Deseronto Public School evacuated; Students sent home as police monitor Mohawk protests

Posted: April 29, 2008 in Deseronto, Headlines, Home Grown Terrorism in Canada, Kingston, Land claims, Natives, OPP, Terrorism
April 29, 2008
Kingston Whig Standard

Administrators at Deseronto Public School evacuated students and staff yesterday as a safety precaution while police continued to monitor ongoing Mohawk protests.

The school will remain closed today.

Kerry Donnell, spokeswoman for the Hastings and Prince Edward District School Board, confirmed that parents were called around noon to take children home.

“Until the situation dies down or stabilizes, the director of education did request that children be taken home today,” Donnell said yesterday.

Administrators will decide what to do about the rest of the week by noon today, at which time parents will be notified by phone, she said.

The OPP yesterday morning dismantled a roadblock that Mohawk protesters had put up in Deseronto Saturday then reopened the road, which had been damaged by a trench more than two metres deep.

Several police officers remained on the scene to monitor the situation.

Donnell said parents received personal phone calls from school staff asking them to pick up their children. No children were allowed to go home until a parent had picked them up, she said.

“There was no imminent danger in or around the school, but we decided the safety of students and staff was a priority,” said Donnell.

About 130 children were at the school, which is at least two kilometres away from the blockade on Lower Slash Road.

OPP spokesperson Sgt. Kristine Rae said a portion of Lower Slash Road, just west of Deseronto Road, was dug up Saturday night, but was opened again by late yesterday afternoon.

Rae said police helicopters spotted the excavation Saturday night just east of Thurlow Aggregates, a quarry business that is currently occupied by other native protesters.

Police believe the trench was probably dug by backhoe or excavator. Several police officers remained on the scene to “monitor the situation,” she said.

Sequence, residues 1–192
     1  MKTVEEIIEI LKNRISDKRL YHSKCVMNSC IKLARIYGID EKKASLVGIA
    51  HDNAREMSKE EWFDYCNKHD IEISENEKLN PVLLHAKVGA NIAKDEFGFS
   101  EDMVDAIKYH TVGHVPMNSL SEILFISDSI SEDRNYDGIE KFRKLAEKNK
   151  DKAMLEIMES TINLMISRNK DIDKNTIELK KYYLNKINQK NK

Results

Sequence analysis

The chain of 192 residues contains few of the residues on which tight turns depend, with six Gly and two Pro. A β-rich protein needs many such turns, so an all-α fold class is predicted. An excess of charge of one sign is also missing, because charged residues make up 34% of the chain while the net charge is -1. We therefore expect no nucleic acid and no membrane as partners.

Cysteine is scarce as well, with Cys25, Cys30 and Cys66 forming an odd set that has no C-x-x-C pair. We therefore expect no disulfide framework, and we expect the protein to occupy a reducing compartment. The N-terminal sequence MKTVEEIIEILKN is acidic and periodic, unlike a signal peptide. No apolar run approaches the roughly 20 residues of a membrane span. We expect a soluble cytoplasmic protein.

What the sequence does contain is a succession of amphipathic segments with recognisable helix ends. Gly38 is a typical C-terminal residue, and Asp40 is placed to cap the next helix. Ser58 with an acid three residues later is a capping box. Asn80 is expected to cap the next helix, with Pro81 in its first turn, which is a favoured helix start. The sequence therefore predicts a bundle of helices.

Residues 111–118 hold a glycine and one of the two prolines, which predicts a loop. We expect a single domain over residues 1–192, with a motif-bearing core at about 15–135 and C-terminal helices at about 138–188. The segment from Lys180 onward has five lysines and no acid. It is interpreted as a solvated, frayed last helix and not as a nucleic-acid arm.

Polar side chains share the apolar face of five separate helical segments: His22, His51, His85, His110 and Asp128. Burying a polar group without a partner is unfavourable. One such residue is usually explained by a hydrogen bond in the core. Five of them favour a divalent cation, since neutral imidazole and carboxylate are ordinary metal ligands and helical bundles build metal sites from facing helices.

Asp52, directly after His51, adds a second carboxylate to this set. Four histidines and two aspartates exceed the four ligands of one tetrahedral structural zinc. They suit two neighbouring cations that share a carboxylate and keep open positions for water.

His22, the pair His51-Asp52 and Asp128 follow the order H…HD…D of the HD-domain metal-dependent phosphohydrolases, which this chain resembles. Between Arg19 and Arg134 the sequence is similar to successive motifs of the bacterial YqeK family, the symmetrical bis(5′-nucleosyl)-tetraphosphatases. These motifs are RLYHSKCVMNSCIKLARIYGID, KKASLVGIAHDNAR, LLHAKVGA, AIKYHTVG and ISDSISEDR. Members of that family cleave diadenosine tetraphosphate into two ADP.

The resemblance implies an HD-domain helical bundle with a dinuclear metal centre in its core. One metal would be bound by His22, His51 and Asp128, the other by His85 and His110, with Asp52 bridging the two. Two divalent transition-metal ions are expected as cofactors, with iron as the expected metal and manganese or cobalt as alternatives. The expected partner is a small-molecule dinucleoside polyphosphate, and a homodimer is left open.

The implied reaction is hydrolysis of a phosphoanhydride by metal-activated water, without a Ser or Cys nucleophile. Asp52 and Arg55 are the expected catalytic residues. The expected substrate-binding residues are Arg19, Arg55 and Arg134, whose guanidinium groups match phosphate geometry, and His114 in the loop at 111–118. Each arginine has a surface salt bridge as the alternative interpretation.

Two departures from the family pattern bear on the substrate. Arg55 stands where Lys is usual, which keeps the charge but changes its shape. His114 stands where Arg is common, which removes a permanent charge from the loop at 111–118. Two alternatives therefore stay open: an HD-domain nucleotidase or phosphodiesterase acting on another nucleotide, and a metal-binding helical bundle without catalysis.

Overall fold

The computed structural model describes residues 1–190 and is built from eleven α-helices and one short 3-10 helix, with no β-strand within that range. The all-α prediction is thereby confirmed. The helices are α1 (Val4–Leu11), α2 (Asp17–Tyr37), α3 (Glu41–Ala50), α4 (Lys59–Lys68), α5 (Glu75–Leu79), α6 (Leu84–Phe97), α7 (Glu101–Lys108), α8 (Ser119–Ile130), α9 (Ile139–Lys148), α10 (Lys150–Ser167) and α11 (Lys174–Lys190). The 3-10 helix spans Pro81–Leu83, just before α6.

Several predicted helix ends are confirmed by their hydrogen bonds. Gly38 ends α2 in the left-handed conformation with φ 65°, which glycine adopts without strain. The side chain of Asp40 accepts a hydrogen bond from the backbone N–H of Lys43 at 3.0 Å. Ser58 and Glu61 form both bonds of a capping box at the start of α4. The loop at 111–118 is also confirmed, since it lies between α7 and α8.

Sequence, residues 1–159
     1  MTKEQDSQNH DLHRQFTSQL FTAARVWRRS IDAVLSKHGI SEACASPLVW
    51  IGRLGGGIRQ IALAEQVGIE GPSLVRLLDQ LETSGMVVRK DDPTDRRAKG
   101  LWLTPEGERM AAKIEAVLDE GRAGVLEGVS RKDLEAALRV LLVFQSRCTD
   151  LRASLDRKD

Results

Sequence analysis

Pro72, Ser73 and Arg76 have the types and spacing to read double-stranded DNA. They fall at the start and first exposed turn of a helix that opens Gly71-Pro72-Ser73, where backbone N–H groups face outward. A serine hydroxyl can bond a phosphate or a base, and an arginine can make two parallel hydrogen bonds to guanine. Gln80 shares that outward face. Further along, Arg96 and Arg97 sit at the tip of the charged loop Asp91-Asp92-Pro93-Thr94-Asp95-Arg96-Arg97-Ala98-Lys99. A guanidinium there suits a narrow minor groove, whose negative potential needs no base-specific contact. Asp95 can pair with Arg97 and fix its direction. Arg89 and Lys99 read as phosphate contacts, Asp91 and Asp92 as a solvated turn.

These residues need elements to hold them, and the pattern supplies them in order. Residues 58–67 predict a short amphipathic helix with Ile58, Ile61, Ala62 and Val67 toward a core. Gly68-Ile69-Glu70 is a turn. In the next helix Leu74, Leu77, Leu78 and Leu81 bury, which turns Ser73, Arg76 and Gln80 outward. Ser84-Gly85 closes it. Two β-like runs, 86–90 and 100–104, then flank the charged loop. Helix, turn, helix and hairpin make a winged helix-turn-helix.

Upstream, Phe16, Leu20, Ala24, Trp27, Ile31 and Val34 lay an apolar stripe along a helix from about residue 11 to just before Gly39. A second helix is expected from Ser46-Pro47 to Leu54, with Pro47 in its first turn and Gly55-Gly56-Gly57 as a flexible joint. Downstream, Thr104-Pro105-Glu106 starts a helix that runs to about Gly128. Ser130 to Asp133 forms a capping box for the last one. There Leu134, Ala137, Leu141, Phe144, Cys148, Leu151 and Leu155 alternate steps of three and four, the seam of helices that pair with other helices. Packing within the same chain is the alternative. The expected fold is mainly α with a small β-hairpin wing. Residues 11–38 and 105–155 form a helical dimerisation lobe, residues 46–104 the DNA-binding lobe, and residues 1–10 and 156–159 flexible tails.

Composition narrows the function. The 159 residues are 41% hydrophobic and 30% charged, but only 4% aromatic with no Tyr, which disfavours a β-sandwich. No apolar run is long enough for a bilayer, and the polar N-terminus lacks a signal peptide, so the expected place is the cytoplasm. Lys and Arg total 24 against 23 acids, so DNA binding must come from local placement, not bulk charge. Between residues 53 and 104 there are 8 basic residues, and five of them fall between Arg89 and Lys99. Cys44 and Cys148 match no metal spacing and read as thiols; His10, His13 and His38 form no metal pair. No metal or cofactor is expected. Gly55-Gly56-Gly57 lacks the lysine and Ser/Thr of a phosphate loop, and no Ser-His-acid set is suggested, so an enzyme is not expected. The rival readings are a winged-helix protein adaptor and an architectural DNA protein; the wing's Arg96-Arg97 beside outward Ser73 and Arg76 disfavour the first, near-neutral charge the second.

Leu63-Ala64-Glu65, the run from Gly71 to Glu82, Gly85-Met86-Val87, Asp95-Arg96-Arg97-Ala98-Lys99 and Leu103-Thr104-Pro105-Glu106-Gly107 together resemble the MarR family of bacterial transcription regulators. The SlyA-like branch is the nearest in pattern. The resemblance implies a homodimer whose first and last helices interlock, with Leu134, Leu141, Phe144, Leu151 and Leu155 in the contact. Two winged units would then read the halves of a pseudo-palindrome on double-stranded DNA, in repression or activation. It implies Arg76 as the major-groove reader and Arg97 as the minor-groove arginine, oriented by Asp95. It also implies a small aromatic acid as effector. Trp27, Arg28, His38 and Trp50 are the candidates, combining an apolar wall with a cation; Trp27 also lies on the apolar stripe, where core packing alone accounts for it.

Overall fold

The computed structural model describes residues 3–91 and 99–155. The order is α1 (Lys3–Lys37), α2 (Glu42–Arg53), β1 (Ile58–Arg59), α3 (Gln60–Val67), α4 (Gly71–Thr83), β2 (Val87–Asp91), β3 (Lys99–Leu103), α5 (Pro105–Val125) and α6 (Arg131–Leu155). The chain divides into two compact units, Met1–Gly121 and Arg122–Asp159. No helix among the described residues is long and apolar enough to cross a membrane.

Rae said the OPP removed the protesters from Lower Slash Road around 8:30 a.m.

The blockade continued about one kilometre away, at the corner of Mowbray Road, on the line between Tyendinaga Township and Tyendinaga Mohawk Territory.

The OPP said in a release they are on scene to keep the peace until a resolution is found and not to resolve land claim issues.

“The police have no intention of entering the quarry at this time and are focused on easing tensions by opening the road and through dialogue,” the release said.

Rae said there were no arrests and no confrontations and that police will not enter the quarry.

In a statement yesterday afternoon, Tyendinaga Mohawk Council Chief R. Don Maracle appealed for calm and warned protesters that the OPP have told the council that police will remain on site until the roads are clear of blockades.

“There must be an end to road blockades, violence, and any conduct that has the potential to further inflame the situation,” Maracle said.

“People need to realize that blocking public roads only has the potential to perpetuate and heighten further tension and conflict in the area.”

He reminded people that the Mohawks have a legitimate land claim that has been accepted by the federal government for negotiation and that the Tyendinaga Mohawk Council has also been talking to the Ontario government.

  1. Annie says:

    He (Maracle) should also take the opportunity to apologize to neighours and friends, like Kyle a hard working farmer, suffering because of the protestors. While he loves to remind everyone of the legitimate land claim, as the Chief, he should show leadership, and tell our neighbors how sorry the mohawk people are for the violence, conduct and blockades, that is right an honest to goodness heartfelt sorry. These are the same neighbors and friends we have all known for generations, they have cared about our pain and suffering, and we have cared about theirs for GENERATIONS. I appreciate the concern the Hastings Prince Edward School Board showed, by closing the school, this decision is never taken lightly. I remain ashamed of Brant and this followers as they terrorize our community with hatred and violence, for I am truly and heartfelt sorry, to all those here, and those suffering in Caledonia.

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